Michael S. Wolf Ph.D. is a health services researcher and a Professor of Medicine at the Feinberg School of Medicine at Northwestern University. Most of his research focuses on health system complexity and the methods patients have available to access and use healthcare systems to support their personal health. He and his team spend a great deal of time focused upon patients who have more chronic care needs and how the healthcare system is helping, or not helping, these patients stay engaged in their self-care.
In terms of healthcare IT, Wolf’s work focuses upon how patients today are gaining the opportunity to utilize a variety of consumer health technologies to stay engaged with their healthcare system whether it be a portal or using mobile apps. His work has found that a lot of these tools have not been well designed in terms of patient engagement and that they are even pushing away the patients who are in the most need of assistance.
(Editor’s note: To hear audio excerpts of this interview, click on the media player buttons that run throughout this article. This interview is part one of a two part series. Part two of the series will be published September 9, 2015.)
Free: Let’s talk about the research you’ve conducted relative to patient engagement and portals. Your findings outline how certain patient populations are not only not getting the information that is available to help them engage in their care, but portals may actually be pushing them away from their healthcare information. Is that correct?
Wolf: Yes, that’s correct.
To be clear, most of our research is focused on what we are calling lower health-literate patients. These patients, whether it be through a lack of health knowledge or access to good health information, show a concerning disparity in terms of the efficacy of patient portals. People who may have more limited health literacy skills, or limited capacity to properly engage health information, and use it to their advantage and make informed decisions, that tends to be a group that often times represents a number of disparities. Those who are older. Those who are more social economically disadvantaged. Those who belong to more racial-ethnic minority groups.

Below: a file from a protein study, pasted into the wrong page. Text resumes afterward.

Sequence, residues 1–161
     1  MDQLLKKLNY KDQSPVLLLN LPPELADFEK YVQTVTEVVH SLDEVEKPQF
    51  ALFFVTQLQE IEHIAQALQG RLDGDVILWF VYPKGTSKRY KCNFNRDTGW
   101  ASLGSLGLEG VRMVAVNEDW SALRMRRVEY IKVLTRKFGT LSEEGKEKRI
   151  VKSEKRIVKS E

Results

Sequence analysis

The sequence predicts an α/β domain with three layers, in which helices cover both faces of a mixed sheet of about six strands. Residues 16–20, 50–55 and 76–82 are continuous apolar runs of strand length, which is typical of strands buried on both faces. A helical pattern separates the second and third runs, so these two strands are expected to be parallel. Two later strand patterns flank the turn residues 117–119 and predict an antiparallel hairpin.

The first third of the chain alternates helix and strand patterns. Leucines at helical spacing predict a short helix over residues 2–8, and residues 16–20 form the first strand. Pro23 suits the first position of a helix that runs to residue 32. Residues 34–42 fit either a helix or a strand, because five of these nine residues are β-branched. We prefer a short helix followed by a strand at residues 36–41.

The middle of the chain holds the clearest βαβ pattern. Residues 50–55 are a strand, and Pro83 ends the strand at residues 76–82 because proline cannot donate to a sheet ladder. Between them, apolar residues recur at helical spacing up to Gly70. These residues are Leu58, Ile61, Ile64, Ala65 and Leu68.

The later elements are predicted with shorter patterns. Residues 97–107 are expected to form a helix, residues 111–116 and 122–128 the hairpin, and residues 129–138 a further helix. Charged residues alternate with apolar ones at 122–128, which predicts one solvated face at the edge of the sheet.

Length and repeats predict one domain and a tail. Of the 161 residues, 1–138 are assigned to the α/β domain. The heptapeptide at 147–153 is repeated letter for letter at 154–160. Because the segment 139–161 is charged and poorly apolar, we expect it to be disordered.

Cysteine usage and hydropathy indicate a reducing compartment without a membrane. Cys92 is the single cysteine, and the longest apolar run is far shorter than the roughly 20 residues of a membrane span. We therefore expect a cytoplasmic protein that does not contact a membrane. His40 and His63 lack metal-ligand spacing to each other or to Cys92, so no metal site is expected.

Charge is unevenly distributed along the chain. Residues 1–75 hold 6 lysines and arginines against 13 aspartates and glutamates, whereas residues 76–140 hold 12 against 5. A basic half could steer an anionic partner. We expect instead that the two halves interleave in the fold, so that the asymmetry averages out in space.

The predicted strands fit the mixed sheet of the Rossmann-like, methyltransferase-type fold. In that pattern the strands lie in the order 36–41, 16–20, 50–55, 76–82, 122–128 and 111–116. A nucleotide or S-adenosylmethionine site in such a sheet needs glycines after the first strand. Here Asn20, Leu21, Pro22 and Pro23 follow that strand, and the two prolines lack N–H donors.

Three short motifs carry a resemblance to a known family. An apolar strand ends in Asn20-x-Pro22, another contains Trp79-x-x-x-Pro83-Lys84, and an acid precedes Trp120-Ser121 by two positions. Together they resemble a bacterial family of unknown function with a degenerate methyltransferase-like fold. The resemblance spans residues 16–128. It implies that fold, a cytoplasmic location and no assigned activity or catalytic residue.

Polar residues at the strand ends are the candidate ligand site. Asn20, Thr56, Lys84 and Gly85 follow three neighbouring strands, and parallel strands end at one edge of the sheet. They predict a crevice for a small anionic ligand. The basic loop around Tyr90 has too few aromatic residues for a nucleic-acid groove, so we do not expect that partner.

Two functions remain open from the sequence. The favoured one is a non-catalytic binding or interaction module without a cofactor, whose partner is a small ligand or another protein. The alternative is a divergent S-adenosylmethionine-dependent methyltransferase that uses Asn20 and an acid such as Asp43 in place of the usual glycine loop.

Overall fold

When we went into the study, we were asking the question: How would this specific population access information through a patient portal? To do so, you have to have computer literacy. You have to engage and remember your password. Then you have to have the knowledge necessary to find some functionality in the portal. We found that these issues are creating disparities within patient populations who may not have such technical capabilities.
As we went deeper into the study, we looked at two things. One, who has really enrolled in their patient portal? Two, if they were enrolled, among those who were enrolled, how are they using it? Was it a text or email to their provider to get information, did they look at lab values, etc.?